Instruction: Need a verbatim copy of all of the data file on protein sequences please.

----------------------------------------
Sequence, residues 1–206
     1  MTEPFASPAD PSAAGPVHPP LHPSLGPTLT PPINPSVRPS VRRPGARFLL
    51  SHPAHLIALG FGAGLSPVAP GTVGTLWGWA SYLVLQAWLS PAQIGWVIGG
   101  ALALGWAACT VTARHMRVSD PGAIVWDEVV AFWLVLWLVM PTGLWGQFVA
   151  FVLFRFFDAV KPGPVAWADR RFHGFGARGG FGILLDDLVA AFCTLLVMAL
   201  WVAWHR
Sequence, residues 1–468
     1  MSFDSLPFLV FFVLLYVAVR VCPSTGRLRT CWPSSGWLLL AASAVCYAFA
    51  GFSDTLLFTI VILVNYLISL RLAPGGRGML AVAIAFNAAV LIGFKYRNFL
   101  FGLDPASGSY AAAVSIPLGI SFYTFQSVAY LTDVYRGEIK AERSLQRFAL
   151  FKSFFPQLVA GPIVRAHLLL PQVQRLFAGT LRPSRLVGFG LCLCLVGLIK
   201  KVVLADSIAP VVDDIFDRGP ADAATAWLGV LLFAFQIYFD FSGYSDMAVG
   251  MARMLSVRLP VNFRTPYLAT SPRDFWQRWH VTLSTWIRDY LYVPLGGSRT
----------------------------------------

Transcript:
Sequence, residues 1–206
     1  MTEPFASPAD PSAAGPVHPP LHPSLGPTLT PPINPSVRPS VRRPGARFLL
    51  SHPAHLIALG FGAGLSPVAP GTVGTLWGWA SYLVLQAWLS PAQIGWVIGG
   101  ALALGWAACT VTARHMRVSD PGAIVWDEVV AFWLVLWLVM PTGLWGQFVA
   151  FVLFRFFDAV KPGPVAWADR RFHGFGARGG FGILLDDLVA AFCTLLVMAL
   201  WVAWHR
Sequence, residues 1–468
     1  MSFDSLPFLV FFVLLYVAVR VCPSTGRLRT CWPSSGWLLL AASAVCYAFA
    51  GFSDTLLFTI VILVNYLISL RLAPGGRGML AVAIAFNAAV LIGFKYRNFL
   101  FGLDPASGSY AAAVSIPLGI SFYTFQSVAY LTDVYRGEIK AERSLQRFAL
   151  FKSFFPQLVA GPIVRAHLLL PQVQRLFAGT LRPSRLVGFG LCLCLVGLIK
   201  KVVLADSIAP VVDDIFDRGP ADAATAWLGV LLFAFQIYFD FSGYSDMAVG
   251  MARMLSVRLP VNFRTPYLAT SPRDFWQRWH VTLSTWIRDY LYVPLGGSRT